Securing lifelines for disaster

By Vinod Thomas and Ronald S. Parker
0 CommentsPrint E-mail China Daily, August 17, 2010
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The frequency and intensity of natural disasters have been on the rise in recent decades. This year alone, a catastrophic earthquake has devastated Haiti, a far stronger quake battered Chile, and yet another quake brought destruction to the Chinese province of Qinghai. Disasters caused by tropical storms and heavy rain have been increasing most rapidly.

Pakistan has suffered massive loss of lives and economic damage from what is being described as the worst flood in decades, and most recently massive mudslides in northwestern China claimed hundreds of lives and destroyed infrastructure and property. This tragic sequence of events is yet another demonstration that disasters are recurrent, and therefore, national development planning should always involve increasing resilience and readiness over time.

The recent calamities not only caused casualties, but also triggered emergency relief intended to address the life-threatening problems of survivors. Therein lies a lesson worth taking more to heart going forward. Very often urgent care could not be provided because critical care facilities were no longer functioning, or there was no way to access services. While headlines focus on damage, not enough attention is paid to reconstruction efforts and the importance of ensuring functioning lifelines - notably potable water and first aid - during disasters.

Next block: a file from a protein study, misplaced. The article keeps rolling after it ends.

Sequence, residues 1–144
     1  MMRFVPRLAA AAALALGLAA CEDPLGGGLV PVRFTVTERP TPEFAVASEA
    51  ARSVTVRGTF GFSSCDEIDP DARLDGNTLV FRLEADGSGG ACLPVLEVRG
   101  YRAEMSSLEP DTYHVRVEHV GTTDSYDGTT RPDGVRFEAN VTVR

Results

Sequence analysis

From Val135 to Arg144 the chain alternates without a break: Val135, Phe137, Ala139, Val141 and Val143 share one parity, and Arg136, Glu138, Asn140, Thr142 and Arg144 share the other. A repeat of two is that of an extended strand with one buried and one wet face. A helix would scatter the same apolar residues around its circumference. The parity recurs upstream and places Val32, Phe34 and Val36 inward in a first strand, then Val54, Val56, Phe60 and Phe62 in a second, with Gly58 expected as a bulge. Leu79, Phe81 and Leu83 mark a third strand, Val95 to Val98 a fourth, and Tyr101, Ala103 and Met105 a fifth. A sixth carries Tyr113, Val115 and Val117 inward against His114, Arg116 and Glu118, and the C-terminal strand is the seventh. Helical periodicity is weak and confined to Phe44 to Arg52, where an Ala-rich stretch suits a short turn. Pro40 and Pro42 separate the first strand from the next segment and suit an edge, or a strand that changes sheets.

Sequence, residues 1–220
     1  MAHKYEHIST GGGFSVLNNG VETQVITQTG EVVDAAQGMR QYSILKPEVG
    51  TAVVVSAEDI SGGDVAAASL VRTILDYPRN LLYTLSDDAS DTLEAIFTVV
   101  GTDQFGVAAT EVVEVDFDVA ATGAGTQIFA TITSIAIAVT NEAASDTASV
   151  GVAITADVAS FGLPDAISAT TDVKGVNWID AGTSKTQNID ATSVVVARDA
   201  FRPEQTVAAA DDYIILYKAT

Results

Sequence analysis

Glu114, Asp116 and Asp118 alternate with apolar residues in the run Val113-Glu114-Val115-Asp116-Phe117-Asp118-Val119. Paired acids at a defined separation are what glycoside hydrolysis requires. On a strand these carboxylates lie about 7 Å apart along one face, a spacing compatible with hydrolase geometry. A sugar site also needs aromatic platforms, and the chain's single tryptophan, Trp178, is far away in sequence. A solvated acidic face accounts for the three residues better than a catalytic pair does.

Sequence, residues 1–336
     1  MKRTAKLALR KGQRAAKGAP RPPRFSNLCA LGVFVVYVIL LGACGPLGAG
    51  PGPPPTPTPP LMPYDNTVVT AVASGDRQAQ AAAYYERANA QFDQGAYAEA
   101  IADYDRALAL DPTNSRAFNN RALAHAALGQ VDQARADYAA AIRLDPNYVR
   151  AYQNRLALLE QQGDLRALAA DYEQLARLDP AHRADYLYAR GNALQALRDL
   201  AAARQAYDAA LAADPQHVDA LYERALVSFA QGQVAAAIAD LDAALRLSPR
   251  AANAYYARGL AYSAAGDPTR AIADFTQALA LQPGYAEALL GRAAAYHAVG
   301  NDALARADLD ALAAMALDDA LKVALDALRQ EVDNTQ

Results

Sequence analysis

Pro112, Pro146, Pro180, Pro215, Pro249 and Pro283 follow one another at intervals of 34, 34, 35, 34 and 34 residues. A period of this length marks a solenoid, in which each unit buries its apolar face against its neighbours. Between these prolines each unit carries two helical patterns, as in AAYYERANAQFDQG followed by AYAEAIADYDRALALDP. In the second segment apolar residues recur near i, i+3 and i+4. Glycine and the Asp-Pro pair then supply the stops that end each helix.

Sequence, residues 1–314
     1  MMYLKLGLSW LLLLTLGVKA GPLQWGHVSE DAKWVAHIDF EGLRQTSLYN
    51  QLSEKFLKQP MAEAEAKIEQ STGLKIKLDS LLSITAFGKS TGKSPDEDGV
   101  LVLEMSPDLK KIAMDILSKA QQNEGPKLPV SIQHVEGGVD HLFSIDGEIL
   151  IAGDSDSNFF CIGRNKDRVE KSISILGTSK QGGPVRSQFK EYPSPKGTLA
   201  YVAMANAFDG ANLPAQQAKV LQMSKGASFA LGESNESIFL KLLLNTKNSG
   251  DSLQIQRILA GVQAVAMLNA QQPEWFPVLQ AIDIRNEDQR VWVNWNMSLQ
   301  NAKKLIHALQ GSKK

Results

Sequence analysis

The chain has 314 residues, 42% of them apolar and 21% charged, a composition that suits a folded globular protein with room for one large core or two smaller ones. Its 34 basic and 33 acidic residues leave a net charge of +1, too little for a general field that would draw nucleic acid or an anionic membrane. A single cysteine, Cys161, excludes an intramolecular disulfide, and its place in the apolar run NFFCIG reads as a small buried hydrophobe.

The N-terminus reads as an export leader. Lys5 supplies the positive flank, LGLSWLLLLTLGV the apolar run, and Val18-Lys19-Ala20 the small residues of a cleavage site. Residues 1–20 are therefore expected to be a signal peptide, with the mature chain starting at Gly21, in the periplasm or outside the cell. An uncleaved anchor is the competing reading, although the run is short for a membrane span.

Making human settlements more prepared to face extreme natural events is a continuous process. But much can be achieved in the immediate term by making vital installations, such as hospitals and emergency shelters, more disaster-resistant with uninterrupted power supply, a network of protected access routes, and secure provisions for safe water and sanitation. In too many places, facilities that are essential for an effective response are tied to networks that are almost guaranteed to fail.

In Haiti, Chile and other countries, potable water could not be provided to victims in reasonable time, and emergency medical facilities dropped off-line just when needed most. The ability to take early action in critical care has a cascading impact on the whole recovery process. Where basic connectivity to emergency medical care and water continues, reconstruction is that much easier - there are more able-bodied individuals when it is time to pick up the pieces.

It is unfortunate that the increase in disaster incidence and severity is taking place just as the population density is increasing rapidly in many vulnerable urban areas. Notwithstanding that increased density is a major cause of rising damage levels, disaster damage can sometimes be relatively light even in dense settlements if effective prevention measures have been taken. Chile's relatively low level of damage given the severity of its earthquake is of interest to all. We see hopeful signs elsewhere too, that public officials are realizing the importance of emphasizing prevention when dealing with relief.

Bangladesh, subject to annual floods and to massive losses of life, has improved its ability to provide early warning systems and hurricane shelters, and evacuate people from areas most at risk. As a result, while the cyclone and floods of November 1970 took the lives of 300,000 people, a similar size storm in May 1997 claimed 188 lives in contrast.

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